Designed to look like a true temple of learning, with Ionic columns on either side of the doorway and MUSEUM written above the lintel, in elegant gold leaf, it tells the story of Montrose and its people. From the earliest archaeological finds, the Marquis of Montrose to the Jacobite uprisings and the harbour and maritime trade. 

It houses a series of displays in the neo-classical building's spacious atrium, mezzanine and galleries. It was originally designed to resemble a true temple of learning! 

The art gallery, within the museum, hosts changing exhibitions from the community and from Angus Council’s collections of paintings and sculptures. The museum presents series of afternoon talks, children’s activities and occasional evening events. 

There is also an exciting project underway to reimagine Montrose Museum through redevelopment of the displays 2and you can read more about this in our news section. 

To find out about visiting exhibitions and events at the museum visit our What’s On page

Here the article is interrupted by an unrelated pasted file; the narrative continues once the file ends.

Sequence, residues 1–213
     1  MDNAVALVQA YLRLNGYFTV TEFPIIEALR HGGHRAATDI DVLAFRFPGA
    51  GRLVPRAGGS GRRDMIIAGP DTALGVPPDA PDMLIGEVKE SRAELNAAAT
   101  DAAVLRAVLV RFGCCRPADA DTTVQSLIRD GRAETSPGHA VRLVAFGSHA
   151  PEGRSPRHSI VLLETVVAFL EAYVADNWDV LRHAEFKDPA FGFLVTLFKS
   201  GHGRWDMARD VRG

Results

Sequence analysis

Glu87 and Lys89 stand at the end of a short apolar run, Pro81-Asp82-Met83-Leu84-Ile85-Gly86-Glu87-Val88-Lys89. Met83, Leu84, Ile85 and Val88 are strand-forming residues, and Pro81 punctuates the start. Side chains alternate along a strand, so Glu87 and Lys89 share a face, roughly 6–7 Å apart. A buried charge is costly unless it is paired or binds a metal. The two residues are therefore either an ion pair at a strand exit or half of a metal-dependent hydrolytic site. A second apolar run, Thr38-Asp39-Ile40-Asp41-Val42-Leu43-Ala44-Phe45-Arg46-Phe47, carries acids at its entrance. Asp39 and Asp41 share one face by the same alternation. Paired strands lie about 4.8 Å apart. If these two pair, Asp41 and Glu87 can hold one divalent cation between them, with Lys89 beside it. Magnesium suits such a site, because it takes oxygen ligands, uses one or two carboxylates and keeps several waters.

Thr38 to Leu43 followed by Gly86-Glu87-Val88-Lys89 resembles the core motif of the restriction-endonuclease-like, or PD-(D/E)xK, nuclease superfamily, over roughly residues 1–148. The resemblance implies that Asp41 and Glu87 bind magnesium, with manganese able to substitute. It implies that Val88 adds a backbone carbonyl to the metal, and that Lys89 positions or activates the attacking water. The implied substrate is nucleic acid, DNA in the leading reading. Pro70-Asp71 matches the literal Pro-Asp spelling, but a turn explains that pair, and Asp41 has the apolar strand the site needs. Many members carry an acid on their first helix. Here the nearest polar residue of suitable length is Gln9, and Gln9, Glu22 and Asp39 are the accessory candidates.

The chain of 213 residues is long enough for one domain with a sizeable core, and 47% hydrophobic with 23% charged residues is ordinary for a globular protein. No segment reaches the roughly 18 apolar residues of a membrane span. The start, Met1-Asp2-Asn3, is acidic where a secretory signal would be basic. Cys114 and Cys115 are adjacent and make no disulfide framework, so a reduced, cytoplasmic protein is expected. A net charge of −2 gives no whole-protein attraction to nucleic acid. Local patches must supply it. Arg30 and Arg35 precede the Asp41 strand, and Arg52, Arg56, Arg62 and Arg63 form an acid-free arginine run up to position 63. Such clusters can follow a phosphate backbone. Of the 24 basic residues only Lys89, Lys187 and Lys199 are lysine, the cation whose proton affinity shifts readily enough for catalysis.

Arbroath Art Galleries

The Corsar Gallery and the Brothock Gallery are set within Arbroath Art Gallery, located within Arbroath Library.

The Corsar Gallery 

The Corsar Gallery in Arbroath Library is named for Victorian philanthropist and weaving manufacturer, David Corsar (1830 – 1904). He purchased this former school building and donated it to Arbroath for use as Public Library and Picture Gallery, opening 1898.  

The Corsar Gallery displays fascinating art works from the Angus Art Collection. The Angus Art Collection is the only public collection in the UK that features 2 large scale paintings by Pieter Brueghel the Younger, These significant works, The Adoration of the Magi and Saint John Preaching in the Wilderness, formed the basis of the historical Arbroath collection from the mid-nineteenth century and are on permanent display in the Corsar Gallery